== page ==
Sunken costs: Moving on from failed development projects | Acro Media
Mike Hubbard


Mike Hubbard

, Front End Lead, Developer

Posted in Digital Commerce, Software & Development

February 11, 2019

Sunken costs: Moving on from failed development projects

What would you do if you've spent u$100,000 on an ecommerce development project, have nothing to show and no go-live date in sight? Unfortunately, this is a reality for some, and we've had more than one client come to us in this very predicament.

These clients have either fired their initial agency or are looking for an outside opinion on how to reach the goal post. When we're reviewing these projects, they're often a long way away from a minimum viable product for one reason or another. That's a hard pill to swallow. Businesses look to us as consultants for structured advice and action plans on moving forward and going live.

If you were in this situation, what would you do? Would you be inclined to push forward with the project in its current state since so much time and money has already been spent? Or, would you be able to stomach starting fresh, reinvesting in a new approach if this was the outcome of an audit? This is a tough decision to make, but maybe we can help make the necessary evaluations easier.

Get an outside opinion from a qualified source

One of the best actions you can take initially is to seek to understand your situation from a technical standpoint. Is the state of your project actually where you think it is? How close are you to having a completed project that's ready to use? These are important questions to know. You want to know exactly where your investment stands and a timeframe of when it will start paying you back.

Getting information-backed objective opinions from one or more outside sources is possibly the best option you can exercise to gain a true understanding of your project. If you don't have the expertise at your disposal to dig in and understand the project, you're relying on your development provider to keep you in the know.

If communication breaks down or you feel like you're not getting the results you expect, this is the time to briefly pause your development cycles and seek help.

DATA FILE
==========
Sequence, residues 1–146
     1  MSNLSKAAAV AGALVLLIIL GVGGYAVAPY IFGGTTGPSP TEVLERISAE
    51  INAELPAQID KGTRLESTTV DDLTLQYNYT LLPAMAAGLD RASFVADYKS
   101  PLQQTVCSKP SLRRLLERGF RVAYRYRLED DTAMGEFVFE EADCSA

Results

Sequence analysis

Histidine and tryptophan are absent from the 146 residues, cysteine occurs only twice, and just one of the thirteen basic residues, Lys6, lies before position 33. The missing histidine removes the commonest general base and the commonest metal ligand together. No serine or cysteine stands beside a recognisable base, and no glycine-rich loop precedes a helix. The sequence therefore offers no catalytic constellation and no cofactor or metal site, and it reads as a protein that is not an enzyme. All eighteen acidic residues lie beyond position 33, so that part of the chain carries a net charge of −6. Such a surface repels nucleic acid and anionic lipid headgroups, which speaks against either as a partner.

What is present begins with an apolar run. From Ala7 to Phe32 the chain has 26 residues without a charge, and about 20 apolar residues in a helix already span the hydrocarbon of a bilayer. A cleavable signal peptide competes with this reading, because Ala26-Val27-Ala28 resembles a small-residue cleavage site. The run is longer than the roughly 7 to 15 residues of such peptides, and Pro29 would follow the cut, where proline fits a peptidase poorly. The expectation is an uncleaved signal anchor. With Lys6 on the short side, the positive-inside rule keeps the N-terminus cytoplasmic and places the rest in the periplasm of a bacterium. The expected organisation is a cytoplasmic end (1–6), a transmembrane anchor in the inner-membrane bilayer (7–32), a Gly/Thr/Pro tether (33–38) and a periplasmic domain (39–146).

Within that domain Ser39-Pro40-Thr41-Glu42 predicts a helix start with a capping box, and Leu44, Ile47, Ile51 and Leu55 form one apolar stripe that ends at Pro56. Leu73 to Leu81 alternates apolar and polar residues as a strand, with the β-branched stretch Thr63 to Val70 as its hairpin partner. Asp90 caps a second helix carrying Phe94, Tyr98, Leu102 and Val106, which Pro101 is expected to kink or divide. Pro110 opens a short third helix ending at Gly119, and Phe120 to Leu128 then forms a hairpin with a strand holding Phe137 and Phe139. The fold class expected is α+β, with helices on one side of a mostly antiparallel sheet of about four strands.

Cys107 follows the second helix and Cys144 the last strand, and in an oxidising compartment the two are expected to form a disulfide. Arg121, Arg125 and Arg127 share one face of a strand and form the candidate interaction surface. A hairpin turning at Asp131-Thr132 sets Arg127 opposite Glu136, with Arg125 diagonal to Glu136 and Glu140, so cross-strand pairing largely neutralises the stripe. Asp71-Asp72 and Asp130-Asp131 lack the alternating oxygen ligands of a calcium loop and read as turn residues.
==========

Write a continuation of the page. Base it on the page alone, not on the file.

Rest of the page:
A qualified ecommerce consultant should be able to audit your project and extract the details for you, complete with the hard evidence needed for you to make any other decisions. Your consultant needs to take a macro view of the build to award you an overall score.

The main categories that should be examined are as follow:

  • security
  • performance
  • build
  • development methods
  • server setup & deployment

By moving through the project and code using this systematic approach, your consultant can provide a specific overview of code health and distance to completion. Your consultants should also provide you with baseline code standards against which your project is compared. These standards should be shared and fully transparent for you to "fact check" against.

Audit findings should be presented by the technical lead in non-technical language so all stakeholders can understand it, with links or further detail to provide technical examples and proof, and allow for proper Q&A time to dig into areas of concern.

Each category examined should be marked with a pass/fail grade. A failing grade in a category should be discussed in detail from a launch-stopping perspective, such as security, which is typically viewed as a no-go for moving a site live.

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Moving onward

Once you have all of the information from an audit in front of you and all of the technical questions have answers, you'll be in a much better place to make the big decisions needed to move forward confidently. Chances are, you'll be in one of three positions:

  • Continue on with your development provider
  • Continue on with a new development provider
  • Pivot directions and start fresh

Continue on with your development provider